Get Crops Off to the Best Start-Despite Late Planting

"Look for not only the stand-out winners but the losers, too. If you plant a dog, you’re going to harvest puppies." ( Lindsey Benne )

While planters are running in many parts of farm country, many fields are yet unfit. Do all you can to ensure the crop gets the best start possible—even if field conditions mean you’re planting later than you’d hoped.

What’s one of the most troubling issues when you can’t get into fields? Weeds.

If you have weeds in your fields before planting you’ll need to carefully consider when you can get in to control those pests. If weeds have a head start on your crop, you’ll be at a disadvantage all season. Weigh your herbicide options.

Burndown should be used to control weeds that have already emerged and pre-emerge should have residual control to stop new weeds from coming out of the ground, according to Curtis Thompson, Kansas State University professor and Extension weed science specialist.

Furthermore, a pre-emergent herbicide should always be part of your herbicide plan, according to experts.

“You don’t want to skimp on pre-emergent herbicides because you have so few options in post, especially in soybeans,” says Gordon Vail, Syngenta herbicide technical product lead. “If you skimp, you’ll have more weeds for the post application.”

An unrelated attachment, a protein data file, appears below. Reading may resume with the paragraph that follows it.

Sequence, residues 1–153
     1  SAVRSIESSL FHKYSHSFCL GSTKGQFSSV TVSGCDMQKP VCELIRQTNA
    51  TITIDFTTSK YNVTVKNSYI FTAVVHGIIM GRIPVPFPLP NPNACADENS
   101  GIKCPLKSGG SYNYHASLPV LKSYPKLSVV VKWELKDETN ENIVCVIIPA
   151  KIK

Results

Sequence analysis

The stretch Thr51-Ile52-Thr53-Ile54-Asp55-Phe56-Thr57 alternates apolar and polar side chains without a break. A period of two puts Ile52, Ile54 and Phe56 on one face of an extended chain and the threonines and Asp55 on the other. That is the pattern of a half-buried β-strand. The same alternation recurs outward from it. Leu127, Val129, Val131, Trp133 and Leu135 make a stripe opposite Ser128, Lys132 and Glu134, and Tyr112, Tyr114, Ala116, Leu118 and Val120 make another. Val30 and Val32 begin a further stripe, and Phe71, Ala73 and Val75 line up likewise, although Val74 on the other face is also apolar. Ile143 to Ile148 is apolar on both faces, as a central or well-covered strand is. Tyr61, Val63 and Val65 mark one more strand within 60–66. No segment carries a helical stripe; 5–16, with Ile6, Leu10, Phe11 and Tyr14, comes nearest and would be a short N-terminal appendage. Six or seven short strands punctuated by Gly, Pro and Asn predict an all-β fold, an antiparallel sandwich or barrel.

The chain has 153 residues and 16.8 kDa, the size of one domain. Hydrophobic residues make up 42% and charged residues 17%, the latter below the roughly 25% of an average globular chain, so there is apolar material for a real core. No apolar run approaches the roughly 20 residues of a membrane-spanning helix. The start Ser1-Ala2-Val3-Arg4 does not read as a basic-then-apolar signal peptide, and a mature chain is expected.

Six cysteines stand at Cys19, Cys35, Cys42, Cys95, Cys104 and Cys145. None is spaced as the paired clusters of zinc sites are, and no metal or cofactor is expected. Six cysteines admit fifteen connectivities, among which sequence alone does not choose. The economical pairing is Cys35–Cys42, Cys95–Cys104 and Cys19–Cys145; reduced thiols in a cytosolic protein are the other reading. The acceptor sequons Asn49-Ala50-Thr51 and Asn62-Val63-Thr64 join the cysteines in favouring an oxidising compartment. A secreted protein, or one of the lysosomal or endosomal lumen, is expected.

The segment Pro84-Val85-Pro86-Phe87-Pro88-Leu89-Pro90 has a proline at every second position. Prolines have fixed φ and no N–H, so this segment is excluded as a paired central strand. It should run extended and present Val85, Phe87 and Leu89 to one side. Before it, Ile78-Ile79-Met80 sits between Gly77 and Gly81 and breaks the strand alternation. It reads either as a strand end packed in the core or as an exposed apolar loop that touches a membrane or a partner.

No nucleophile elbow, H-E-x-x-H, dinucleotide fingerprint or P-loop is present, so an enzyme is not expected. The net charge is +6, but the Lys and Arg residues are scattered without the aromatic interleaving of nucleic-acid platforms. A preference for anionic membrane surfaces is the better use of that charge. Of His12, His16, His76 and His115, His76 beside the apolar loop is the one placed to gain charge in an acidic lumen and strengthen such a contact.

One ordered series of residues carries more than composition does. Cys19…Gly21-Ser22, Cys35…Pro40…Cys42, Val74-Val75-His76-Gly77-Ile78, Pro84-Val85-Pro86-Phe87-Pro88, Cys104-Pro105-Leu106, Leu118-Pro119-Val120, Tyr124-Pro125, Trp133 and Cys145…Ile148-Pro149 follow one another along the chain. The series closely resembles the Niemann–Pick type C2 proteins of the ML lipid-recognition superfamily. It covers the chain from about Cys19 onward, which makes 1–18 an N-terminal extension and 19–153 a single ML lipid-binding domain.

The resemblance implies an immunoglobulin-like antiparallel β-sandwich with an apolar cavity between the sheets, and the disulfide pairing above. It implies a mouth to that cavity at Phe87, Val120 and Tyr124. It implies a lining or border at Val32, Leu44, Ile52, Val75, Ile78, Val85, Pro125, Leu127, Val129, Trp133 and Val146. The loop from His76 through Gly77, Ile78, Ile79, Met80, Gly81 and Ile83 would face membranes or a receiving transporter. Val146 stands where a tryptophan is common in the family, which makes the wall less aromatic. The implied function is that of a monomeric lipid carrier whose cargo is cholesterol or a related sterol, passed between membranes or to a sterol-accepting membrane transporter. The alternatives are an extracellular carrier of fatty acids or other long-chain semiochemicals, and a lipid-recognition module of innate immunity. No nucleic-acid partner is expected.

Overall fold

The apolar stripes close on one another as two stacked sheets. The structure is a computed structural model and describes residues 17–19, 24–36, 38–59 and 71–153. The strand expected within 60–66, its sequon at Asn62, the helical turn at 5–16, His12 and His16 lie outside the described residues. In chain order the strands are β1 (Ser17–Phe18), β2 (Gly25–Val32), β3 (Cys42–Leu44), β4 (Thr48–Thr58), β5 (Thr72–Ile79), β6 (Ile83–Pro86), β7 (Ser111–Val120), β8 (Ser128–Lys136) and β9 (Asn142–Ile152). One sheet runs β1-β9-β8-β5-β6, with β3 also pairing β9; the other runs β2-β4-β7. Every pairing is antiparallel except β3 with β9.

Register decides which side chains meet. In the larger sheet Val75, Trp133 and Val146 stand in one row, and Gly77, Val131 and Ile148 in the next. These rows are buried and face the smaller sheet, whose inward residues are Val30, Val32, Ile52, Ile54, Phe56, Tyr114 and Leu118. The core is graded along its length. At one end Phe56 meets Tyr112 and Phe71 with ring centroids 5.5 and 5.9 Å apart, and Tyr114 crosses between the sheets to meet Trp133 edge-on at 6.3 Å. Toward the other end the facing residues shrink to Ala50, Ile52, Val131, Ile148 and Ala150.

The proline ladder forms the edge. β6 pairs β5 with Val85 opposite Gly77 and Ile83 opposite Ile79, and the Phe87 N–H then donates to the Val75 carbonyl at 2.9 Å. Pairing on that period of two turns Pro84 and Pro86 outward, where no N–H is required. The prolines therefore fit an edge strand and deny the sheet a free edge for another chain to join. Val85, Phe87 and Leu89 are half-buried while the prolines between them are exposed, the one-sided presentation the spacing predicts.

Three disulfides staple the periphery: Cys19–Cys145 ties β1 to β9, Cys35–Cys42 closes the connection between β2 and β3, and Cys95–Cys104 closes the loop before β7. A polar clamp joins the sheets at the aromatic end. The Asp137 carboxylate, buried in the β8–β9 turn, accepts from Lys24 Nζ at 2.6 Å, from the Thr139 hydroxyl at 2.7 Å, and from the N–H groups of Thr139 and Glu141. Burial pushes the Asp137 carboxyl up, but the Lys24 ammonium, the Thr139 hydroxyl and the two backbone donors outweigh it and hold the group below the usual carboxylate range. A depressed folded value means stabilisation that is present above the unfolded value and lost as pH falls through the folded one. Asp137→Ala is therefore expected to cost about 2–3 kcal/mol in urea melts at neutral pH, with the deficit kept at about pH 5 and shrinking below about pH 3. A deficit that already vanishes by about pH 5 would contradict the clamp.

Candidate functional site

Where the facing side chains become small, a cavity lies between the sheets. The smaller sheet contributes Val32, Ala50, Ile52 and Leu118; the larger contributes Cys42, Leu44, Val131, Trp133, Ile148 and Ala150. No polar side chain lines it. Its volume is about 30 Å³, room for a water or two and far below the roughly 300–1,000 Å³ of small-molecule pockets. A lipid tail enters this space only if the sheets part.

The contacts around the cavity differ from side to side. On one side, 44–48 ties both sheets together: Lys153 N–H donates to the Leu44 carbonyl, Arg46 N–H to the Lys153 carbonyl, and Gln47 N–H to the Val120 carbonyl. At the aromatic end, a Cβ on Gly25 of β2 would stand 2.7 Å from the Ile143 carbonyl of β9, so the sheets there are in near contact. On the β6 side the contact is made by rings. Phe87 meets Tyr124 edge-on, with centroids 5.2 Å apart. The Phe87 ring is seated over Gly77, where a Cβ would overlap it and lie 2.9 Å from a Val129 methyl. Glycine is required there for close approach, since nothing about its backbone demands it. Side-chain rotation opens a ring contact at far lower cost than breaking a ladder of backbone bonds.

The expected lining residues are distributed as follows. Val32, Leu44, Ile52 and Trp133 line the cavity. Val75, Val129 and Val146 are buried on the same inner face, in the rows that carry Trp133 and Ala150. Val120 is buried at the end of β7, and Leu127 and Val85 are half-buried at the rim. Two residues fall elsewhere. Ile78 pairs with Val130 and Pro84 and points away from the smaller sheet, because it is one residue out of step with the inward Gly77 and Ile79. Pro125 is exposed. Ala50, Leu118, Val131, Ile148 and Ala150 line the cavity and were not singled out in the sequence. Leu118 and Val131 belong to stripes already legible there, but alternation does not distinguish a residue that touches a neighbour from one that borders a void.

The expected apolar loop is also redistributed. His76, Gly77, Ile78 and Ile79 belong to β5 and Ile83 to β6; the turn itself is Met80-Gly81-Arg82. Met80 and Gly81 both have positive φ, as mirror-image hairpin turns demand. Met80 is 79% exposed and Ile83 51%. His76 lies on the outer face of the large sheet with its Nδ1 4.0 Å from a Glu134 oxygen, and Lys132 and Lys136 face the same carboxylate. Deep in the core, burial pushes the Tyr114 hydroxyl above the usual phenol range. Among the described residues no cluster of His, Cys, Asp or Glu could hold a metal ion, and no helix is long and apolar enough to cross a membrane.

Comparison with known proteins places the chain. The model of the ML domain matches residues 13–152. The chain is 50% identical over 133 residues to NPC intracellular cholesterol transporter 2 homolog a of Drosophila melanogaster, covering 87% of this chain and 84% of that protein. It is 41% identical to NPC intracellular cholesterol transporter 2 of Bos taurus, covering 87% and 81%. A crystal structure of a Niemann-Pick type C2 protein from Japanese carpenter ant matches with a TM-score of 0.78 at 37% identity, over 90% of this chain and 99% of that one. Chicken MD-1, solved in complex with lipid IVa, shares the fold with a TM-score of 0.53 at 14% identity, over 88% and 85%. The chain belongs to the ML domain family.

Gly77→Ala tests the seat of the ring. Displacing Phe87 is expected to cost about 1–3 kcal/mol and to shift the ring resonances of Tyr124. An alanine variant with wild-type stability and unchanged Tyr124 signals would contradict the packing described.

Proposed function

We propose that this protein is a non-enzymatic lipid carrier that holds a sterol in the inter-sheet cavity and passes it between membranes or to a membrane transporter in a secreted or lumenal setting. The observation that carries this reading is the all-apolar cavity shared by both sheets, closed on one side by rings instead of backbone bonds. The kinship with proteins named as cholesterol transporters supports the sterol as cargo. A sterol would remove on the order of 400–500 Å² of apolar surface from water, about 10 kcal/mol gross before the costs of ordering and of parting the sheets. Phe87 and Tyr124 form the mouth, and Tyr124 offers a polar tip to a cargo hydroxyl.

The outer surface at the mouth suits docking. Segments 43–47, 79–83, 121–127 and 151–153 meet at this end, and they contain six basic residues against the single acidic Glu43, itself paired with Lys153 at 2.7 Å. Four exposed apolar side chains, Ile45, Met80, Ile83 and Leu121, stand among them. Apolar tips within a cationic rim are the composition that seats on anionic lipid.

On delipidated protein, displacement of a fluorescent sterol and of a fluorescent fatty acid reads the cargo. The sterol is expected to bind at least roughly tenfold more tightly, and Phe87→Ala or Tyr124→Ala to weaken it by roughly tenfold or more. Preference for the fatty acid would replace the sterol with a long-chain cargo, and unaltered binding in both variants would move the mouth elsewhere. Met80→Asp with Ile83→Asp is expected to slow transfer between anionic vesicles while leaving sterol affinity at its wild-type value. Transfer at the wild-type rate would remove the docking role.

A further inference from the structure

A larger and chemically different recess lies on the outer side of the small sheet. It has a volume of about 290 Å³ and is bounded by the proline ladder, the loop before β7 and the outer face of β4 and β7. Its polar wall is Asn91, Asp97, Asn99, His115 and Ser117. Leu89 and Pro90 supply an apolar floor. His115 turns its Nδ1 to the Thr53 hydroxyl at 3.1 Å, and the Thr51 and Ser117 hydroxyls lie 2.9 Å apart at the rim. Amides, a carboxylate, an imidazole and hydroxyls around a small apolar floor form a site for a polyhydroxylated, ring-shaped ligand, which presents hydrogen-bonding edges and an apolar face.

Pre-emergent herbicides are your first line of defense. Make sure your application is timely so any growing weeds die, and consider residuals.

“When managing small-seeded broadleaves, the best thing to do is not let them emerge since once they do they grow so fast,” says Ken Bennis, Dow AgroSciences market development specialist. “The best way to do that is spray more than one residual.”

After emergence, get out and scout to make sure the first application was effective and to time post application. In a perfect scenario, you’ll treat weeds at or before they reach 4", but if weather gets in the way make sure you have a contingency plan.

Growing a successful crop is more complex than just spraying any single mode of action. Weeds are harder to control, are resistant to more herbicide groups and can steal bushels—a lot of them. If you aren’t mindful of your herbicide system, you might render every herbicide class useless. It’s smart to follow these weed management best practices:

  • Apply multiple, effective modes of action.
  • Consider new traits or herbicides.
  • Use both pre-emergent and residual herbicides.
  • Scout to apply herbicides at the appropriate time and rate.
  • Try mechanical weed control.

Be mindful of any plant-back restrictions herbicides might have. Check out the chart below for more information about common herbicides and their plant-back restrictions: